Table 0.2 Survey of potential secondary plants in the municipality of Herlev and their need for process water. Secondary plants Need for process water m 3 /year Process Iron and steel manufacturer 4.400 Cooling water Water for phosphatizing process Steel heat treatment 7.000 Cooling water Lock factory 5.000 – 7.300 Water for chromium-plating process PVC manufacturing enterprise 4.200 Water for cleaning of process air Service station 2.500 Car washing Municipal store house 600 Cleaning of vehicles The identification of highly water consuming enterprises has indicated that a number of industries would be willing to accept a reduced quality of the supplied recycled water compared to the normal drinking water quality. These enterprises are listed in Table 0.2. Based on a distance and water volume matrix a number of possible couplings between the selected potential primary and secondary plants were evaluated in order to find the optimum conditions in relation to exchange of heat volume and geographic proximity. The two most obvious scenarios were: Scenario 1: The Central Pharmacy (P) – Northor A/S (S) Scenario 2: The swimming bath “Hjortespringbadet” (P) – Papyro-tex A/S (S) In scenario 1 the need for upgrading of the water quality is insignificant, as the quality of the water exchanged in this case is close to that of drinking water. The water, which consists of surplus distillation water and a dilute concentrate from an Reverse Osmosis plant is supposed to be slightly aggressive but this can be remedied by means of a pH adjustment and by adding calcium oxide, if necessary. The water is primarily meant to be used in cooling water and phosphatizing processes at Northor, which is an iron and steel manufacturing enterprise situated approx. 100 m from the Central Pharmacy. It should potentially be possible to exchange approx. 4.400 m 3 /year if an equalizing tank at a size of 10 m 3 is established near the Central Pharmacy in order to counterbalance the flow variations. Since the water quality is high, no crucial working occupational health problems need to be taken into consideration. Based on a logistic review of indoor and outdoor conditions at the enterprises in question in relation to the establishment of a complete grey water exchange system, the economic situation was analysed. Thus, the total construction investment was calculated to 509.575 DKK not counting the yearly expenses of 15.690 DKK for maintenance and operation of the system. The water savings correspond to 89.900 DKK/year based on a water price of 20,43 DKK (exclusive of VAT and water charge), resulting in a net present value of the investment of 52.600 DKK/year during a depreciation period of 20 years with a real interest rate of 4%. Scenario 2 deals with exchange of shower water collected from the bathrooms of the swimming bath “Hjortespringbadet”. The water is transported to the company Papyro-tex, which is a hot-pressing enterprise (manufacturing PVC foil) using water for cleaning of process air. The distance between the two enterprises is approx. 250 m. It was required by Papyro-tex that no particles, which might cause a blocking of the sprinkler jets, were allowed in the grey water. Furthermore, it was important to ensure that no odour nuisances could arise during recycling of the water. The swimming bath uses approx. 5.500 m 3 /year of water for showering and approx. 1.200 m 3 /year for filter rinse while Papyro-tex for the time being only needs approx. 3.500 m 3 /year, which can be covered by grey water from the “Hjortespringbadet”. In order to equalize the difference in flow variations it will be necessary to establish an equalizing tank of 15 m 3 . For treatment of the grey water a combination of a pressure sand filter and a UV-system was suggested to remove particles and inhibit the microbial growth in the equalizing tank. In addition, a cartridge filter should be installed at the drainage for further removal of part icles in the water flow. Thus the treatment system was not designed for a complete treatment 13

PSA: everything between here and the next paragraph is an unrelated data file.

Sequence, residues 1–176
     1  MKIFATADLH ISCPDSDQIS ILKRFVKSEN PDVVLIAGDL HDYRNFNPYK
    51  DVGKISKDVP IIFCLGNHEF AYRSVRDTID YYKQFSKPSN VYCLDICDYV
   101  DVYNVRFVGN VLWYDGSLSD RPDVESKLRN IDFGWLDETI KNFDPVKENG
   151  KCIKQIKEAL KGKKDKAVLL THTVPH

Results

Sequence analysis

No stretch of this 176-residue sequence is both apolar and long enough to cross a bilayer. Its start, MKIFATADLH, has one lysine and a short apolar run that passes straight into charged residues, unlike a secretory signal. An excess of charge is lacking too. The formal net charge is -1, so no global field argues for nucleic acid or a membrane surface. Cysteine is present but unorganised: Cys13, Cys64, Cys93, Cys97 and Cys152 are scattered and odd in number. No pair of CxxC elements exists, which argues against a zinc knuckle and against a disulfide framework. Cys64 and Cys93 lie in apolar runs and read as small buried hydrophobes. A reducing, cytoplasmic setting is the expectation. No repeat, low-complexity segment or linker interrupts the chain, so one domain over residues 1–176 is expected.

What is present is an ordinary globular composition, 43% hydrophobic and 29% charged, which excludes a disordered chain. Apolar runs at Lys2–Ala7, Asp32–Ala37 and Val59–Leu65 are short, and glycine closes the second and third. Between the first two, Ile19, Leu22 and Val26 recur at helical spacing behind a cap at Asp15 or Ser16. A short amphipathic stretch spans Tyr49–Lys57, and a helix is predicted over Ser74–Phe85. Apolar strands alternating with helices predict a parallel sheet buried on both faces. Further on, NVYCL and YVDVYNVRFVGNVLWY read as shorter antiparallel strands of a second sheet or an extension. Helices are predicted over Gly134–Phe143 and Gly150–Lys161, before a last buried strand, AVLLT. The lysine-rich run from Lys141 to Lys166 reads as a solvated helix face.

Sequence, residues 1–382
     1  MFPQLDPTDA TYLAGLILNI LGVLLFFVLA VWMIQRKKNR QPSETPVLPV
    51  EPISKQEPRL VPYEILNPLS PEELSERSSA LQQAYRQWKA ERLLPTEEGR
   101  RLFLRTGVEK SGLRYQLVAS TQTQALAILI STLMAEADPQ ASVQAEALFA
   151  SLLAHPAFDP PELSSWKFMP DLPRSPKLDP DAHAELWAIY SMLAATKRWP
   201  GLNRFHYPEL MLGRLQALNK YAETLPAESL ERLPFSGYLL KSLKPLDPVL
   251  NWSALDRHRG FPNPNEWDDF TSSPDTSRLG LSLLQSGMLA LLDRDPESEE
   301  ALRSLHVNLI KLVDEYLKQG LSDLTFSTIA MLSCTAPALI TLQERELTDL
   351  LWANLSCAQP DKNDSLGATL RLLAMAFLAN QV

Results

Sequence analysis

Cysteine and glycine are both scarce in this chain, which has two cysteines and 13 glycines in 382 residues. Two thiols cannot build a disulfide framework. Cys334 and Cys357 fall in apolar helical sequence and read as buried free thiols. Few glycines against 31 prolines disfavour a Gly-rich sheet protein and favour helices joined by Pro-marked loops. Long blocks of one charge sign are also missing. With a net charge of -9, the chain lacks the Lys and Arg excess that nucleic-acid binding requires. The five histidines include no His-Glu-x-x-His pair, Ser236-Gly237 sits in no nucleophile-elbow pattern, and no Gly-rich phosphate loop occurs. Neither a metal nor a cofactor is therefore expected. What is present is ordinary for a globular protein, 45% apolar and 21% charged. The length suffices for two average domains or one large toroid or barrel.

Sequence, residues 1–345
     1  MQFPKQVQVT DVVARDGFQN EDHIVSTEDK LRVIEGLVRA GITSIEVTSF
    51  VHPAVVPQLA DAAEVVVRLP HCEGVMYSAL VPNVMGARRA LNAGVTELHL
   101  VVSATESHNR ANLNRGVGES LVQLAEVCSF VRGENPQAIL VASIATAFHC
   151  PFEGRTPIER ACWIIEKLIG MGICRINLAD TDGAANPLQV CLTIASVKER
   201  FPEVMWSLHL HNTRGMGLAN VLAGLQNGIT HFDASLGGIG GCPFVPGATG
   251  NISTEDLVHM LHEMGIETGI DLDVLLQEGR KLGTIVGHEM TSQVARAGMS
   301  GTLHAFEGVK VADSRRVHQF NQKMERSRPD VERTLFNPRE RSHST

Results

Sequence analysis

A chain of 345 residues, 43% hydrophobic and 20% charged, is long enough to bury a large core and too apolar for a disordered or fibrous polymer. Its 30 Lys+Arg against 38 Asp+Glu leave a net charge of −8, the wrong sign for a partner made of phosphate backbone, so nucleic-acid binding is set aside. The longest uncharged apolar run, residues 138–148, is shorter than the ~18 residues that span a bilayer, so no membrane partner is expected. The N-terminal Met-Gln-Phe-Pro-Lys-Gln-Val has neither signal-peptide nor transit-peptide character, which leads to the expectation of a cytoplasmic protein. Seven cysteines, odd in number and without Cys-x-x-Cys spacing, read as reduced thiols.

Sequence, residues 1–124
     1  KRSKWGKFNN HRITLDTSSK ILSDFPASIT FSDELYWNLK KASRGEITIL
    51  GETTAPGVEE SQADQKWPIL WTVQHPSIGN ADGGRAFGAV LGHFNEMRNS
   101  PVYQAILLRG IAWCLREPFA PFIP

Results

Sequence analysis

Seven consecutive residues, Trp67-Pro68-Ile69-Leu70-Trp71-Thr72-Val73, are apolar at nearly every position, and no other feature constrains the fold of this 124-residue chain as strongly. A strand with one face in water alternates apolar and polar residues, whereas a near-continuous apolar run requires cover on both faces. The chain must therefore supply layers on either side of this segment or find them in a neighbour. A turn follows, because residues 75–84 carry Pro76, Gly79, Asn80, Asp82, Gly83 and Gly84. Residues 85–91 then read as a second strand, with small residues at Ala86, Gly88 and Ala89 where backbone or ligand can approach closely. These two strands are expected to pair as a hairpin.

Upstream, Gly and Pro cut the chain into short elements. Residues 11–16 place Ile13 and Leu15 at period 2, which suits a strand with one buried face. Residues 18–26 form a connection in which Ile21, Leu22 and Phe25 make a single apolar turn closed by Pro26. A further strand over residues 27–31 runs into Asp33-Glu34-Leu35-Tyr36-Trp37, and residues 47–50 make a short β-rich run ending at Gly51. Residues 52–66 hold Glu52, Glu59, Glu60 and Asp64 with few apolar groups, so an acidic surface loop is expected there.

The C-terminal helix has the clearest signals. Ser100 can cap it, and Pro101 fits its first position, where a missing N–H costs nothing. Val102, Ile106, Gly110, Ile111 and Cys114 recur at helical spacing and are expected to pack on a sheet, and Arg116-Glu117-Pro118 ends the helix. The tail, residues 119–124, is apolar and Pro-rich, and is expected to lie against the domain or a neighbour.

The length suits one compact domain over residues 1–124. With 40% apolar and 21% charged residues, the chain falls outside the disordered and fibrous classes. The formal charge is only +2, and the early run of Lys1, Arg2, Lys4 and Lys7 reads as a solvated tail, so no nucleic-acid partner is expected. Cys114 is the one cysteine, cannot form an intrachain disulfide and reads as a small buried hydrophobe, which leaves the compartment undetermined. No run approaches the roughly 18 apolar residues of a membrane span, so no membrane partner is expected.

14 of grey water, since the relatively low concentrations of dissolved nutrients in the water were not considered problematic for the application at Papyro-tex. As the treated grey water from the “Hjortespringbadet” is to be applied in a closed process at Papyro-tex, no immediate occupational health problems are anticipated, since there is no physical contact in relation to using the grey water. A review of the logistic situation at the enterprises of scenario 2 showed that there was a need for only minor indoor changes corresponding to expenses of approx. 95.000 DKK for establishment of the necessary facilities to collect and distribute the grey water at both enterprises. The necessary outdoor construction works, however, are extensive, including establishment of wells, drain pipes, pressure pipes, equalizing tanks and treatment system. Working expenses amounts to 32.600 DKK corresponding to a net present (loss of) value of –4.100 DKK concerning the initial expenditures. If the total amount of grey water from the “Hjortespringbadet”, corresponding to 7.700 m 3 /year, could have been recycled the result would have been a net present value of 82.000 DKK per year during a depreciation period of 20 years. It should be noted that the initial expenses will remain almost unchanged and that the working expenses will increase only very little in case the extra amount of water is to be treated, too. On this background it can be concluded that in case of no particular circumstances, which might raise the installation expenses or the treatment expenses during the establishment of a grey water collecting system, it would be economically profitable to establish and run such grey water exchange systems, provided that they are situated in the neighbourhood (at a distance of up to approx. 500 m). The main condition is however that the price of water of the municipality is sufficiently high (20 DKK or more per m 3 exclusive of VAT and water tax) and that a minimum of 4.000 – 5.000 m 3 /year of grey water can be exchanged. Furthermore, it is important to ensure that no occupational health problems will arise for instance as a result of microbiological after-growth in the recycling systems. When making future plans for common water consuming systems it would be obvious to prepare the sewer system in a way which makes it possible afterwards to collect the grey water without having to make expensive changes of the existing installations. It is furthermore recommended to locate the grey water producers in areas allowing potential grey water consumers to exploit the available grey water resource.